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Defence IT Woes

By Deano 4 December 2006 25

Today’s Canberra Times reports that Labor Senator Mark Bishop told 2CC listeners last week that workers in Defence could take their annual leave while waiting for a help desk fix.

Working in Defence, I have first hand experience of this. Simple network access changes take anything up to 28 days. Heaven help you if your workstation fails as it takes six weks to get a replacement. With everything computerised these days, there is nothing you can do but sit and wait it out. Its bad enough seeing public servants sitting around doing nothing, but when it includes $1000 a day consultants, the situation is scandalous.

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Defence IT Woes
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RandomGit 10:02 am 05 Dec 06

Deano, your problem seems to be managers who can’t pick a winning horse, and then don’t have the balls to put it down when it goes lame.

che 9:52 am 05 Dec 06

actually the contract was written by ex NCO’s, all the officers jumped ship and went to work for the contractor

Maelinar 9:16 am 05 Dec 06

Defence is in the enviable situation that they have maintained uniform wearing IT personnel, their problem being that they have never trusted them to display the intelligence and autonomy to deliver IT solutions.

Outsourcing in Defence will always fail for several of the reasons already stated, primarily due to it not being delivered by Defence staff, quite a catch 22 when compared to my first paragraph.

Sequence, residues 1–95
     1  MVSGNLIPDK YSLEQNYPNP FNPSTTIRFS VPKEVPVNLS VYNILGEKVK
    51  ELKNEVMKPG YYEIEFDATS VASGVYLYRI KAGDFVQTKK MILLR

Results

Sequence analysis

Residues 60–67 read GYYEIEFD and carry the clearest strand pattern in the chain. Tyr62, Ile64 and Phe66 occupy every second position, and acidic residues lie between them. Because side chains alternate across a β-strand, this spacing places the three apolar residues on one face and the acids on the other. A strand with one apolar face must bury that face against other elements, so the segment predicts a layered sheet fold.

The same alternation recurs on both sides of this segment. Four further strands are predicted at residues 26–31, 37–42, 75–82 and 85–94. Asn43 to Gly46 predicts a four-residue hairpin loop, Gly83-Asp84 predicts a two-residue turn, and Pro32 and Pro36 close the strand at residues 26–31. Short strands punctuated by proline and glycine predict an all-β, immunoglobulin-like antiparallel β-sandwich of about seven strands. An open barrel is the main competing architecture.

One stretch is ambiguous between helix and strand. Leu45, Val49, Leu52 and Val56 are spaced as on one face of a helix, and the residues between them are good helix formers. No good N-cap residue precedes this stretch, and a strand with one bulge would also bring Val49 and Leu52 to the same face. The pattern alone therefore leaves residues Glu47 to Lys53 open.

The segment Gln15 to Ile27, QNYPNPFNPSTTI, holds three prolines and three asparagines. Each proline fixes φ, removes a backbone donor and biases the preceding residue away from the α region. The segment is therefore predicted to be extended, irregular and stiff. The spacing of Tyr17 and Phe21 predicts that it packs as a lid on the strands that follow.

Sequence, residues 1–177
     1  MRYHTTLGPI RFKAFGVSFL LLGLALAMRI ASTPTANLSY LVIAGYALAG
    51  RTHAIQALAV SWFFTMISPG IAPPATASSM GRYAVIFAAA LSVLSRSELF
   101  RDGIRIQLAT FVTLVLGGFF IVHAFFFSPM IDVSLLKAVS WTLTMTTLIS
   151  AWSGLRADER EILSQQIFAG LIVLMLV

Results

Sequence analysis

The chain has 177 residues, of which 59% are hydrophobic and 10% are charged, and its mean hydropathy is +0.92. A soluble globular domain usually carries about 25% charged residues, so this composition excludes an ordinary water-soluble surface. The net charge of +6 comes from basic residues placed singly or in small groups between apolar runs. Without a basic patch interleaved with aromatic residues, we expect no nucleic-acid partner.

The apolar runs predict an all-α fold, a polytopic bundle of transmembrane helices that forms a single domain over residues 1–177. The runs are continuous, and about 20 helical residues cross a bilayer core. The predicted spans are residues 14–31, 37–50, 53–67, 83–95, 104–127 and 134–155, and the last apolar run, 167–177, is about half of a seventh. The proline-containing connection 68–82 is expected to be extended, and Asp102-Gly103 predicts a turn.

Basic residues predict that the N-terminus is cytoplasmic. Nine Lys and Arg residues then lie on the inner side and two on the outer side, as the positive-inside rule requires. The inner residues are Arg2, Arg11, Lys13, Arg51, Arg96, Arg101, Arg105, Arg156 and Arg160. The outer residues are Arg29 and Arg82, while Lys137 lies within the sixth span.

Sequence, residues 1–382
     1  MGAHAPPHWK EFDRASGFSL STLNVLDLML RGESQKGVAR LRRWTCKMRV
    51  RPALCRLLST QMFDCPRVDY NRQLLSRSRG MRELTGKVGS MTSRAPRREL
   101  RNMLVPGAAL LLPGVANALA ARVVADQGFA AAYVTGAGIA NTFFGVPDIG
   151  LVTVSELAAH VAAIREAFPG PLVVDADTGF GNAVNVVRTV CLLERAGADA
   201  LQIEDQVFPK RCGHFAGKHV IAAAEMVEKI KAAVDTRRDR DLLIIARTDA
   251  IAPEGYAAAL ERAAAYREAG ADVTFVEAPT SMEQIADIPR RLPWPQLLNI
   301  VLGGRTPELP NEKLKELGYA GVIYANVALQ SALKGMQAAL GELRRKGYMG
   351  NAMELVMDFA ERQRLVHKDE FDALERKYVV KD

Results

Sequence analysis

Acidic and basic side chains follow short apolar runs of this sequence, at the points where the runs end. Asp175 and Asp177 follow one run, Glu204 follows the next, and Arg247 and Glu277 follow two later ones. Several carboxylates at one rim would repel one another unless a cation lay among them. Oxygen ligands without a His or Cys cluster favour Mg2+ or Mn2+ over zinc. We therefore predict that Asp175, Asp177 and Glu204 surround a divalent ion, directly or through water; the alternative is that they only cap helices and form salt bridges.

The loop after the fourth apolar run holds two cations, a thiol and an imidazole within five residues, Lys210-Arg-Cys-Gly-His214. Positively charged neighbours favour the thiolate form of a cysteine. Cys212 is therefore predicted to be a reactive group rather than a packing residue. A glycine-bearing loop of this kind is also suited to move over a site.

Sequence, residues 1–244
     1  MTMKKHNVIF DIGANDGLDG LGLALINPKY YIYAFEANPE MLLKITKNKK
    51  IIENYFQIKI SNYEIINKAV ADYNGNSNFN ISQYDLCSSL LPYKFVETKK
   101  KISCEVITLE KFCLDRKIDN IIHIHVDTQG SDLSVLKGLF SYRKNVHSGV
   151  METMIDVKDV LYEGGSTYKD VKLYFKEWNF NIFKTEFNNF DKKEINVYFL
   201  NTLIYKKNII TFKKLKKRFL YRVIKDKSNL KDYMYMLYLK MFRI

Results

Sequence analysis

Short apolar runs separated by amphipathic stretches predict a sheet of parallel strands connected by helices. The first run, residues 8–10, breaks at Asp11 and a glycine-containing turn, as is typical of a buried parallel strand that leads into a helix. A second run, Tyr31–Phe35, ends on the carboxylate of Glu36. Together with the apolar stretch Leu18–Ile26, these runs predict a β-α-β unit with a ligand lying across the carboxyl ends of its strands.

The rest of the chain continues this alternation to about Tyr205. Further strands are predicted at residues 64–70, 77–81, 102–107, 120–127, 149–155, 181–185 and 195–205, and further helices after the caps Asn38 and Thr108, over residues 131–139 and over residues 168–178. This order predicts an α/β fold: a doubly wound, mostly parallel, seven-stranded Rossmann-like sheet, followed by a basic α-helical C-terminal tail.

I agree wholesomely that Defence couldn’t write a contract, let alone something more complex than banging two rocks together. This is due to their over-confidence in snotty little Captain ranked officers capabilities, a lesson hard learned by the regular forces as far back as Vietnam but unfortunately still not realised by the general officer corp.

DT 9:13 am 05 Dec 06

In The Australian a while ago, Defence backed its contractor and blamed it all on the skills shortage

VYBerlinaV8 8:50 am 05 Dec 06

Service Level Agreements are a great idea, but often fail to achieve their goal. Most outsourcers have standard SLA sets from which the customer selects (along with respective pricing). SLAs are often not selected by the client to give them the best result, and in some cases are not fully agreed prior to contract signing (like at the Tax Office).

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